Author(s): James Salter
"The collection offers something for every taste, along with a fascinating mosaic-like view of Salter's unfailingly interesting life." --Harper's Bazaar, 1 of 8 New Books You Need to Read in November
One of the greatest writers of American sentences in our literary history, James Salter's acute and glimmering portrayals of characters are built with a restrained and poetic style. The author of several memorable works of fiction--including Dusk and Other Stories, which won the PEN/Faulkner Award--he is also celebrated for his memoir Burning the Days and many nonfiction essays.
In her preface, Kay Eldredge Salter writes, "Don't Save Anything is a volume of the best of Jim's nonfiction--articles published but never collected in one place until now. Though those many boxes were overflowing with papers, in the end it's not really a matter of quantity. These pieces reveal some of the breadth and depth of Jim's endless interest in the world and the people in it . . . One of the great pleasures in writing nonfiction is the writer's feeling of exploration, of learning about things he doesn't know, of finding out by reading and observing and asking questions, and then writing it down. That's what you'll find here."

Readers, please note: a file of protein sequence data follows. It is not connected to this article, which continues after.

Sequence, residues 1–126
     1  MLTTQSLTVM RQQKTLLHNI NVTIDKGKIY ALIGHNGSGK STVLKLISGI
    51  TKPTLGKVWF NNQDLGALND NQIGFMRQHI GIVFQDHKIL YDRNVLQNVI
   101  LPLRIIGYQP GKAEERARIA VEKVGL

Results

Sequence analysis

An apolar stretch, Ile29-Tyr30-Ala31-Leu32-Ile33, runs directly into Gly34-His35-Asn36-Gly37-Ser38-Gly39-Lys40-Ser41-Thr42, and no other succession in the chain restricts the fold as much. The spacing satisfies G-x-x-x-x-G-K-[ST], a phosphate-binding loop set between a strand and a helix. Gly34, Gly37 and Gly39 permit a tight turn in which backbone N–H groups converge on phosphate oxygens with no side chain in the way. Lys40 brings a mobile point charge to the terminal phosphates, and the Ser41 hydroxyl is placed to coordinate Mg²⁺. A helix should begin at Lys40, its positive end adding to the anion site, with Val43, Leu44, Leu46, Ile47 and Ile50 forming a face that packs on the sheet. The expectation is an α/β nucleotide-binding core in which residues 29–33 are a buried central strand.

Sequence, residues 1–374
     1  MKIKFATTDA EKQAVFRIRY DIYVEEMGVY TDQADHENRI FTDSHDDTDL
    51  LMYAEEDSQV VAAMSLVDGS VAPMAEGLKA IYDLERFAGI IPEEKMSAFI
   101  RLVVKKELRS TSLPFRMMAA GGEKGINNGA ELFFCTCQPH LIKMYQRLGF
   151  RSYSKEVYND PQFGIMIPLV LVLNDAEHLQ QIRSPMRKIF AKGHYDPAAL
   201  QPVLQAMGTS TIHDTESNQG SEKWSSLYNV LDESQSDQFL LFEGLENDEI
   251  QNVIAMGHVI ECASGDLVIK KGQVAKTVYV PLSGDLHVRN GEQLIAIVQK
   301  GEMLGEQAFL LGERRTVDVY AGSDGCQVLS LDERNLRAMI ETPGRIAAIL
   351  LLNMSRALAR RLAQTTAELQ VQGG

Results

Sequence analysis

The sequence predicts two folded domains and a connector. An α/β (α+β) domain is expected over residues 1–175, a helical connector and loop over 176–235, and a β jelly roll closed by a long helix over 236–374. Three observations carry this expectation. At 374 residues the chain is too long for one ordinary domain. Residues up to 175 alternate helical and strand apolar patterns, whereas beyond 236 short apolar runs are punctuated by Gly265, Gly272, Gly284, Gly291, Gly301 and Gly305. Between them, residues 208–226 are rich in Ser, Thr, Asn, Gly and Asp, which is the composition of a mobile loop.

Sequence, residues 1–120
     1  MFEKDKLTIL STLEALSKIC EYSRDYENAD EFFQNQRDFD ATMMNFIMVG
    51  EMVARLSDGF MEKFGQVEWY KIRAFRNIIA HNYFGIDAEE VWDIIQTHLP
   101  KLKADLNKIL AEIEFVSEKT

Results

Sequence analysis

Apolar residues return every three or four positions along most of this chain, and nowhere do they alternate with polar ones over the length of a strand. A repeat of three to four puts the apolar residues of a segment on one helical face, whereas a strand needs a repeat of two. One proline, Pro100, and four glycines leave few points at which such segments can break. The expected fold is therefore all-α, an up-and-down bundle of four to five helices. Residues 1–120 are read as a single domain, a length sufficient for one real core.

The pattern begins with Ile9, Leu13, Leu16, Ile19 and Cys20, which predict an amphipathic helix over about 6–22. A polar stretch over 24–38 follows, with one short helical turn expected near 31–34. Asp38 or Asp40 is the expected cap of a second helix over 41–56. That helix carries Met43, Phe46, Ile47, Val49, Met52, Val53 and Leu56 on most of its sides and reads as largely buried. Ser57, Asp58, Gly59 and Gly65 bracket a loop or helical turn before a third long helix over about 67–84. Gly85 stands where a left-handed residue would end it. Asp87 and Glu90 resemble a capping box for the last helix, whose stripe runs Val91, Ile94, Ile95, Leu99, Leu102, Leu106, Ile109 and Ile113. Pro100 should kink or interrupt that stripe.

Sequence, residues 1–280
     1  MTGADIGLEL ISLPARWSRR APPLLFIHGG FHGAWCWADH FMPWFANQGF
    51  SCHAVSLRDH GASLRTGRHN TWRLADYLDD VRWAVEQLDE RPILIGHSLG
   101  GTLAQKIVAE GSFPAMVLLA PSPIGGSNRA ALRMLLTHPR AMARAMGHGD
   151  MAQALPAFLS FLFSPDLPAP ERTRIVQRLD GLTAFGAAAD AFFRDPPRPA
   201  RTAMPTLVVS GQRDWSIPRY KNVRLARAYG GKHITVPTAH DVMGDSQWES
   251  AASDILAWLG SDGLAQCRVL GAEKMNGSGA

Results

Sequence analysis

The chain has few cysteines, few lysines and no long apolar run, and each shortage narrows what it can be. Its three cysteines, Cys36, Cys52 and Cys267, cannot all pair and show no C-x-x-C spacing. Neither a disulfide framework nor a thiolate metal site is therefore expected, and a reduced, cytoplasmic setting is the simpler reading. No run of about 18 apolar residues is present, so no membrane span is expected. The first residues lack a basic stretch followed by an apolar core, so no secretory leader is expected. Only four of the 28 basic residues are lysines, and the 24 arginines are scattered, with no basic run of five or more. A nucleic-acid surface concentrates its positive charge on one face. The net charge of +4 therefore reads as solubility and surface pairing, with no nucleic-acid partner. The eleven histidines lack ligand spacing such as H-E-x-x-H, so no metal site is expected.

This collection gathers Salter's thoughts on writing and profiles of important writers, observations of the changing American military life, evocations of Aspen winters, musings on mountain climbing and skiing, and tales of travels to Europe that first appeared in The New Yorker, Esquire, People, Cond� Nast Traveler, the Aspen Times, among other publications.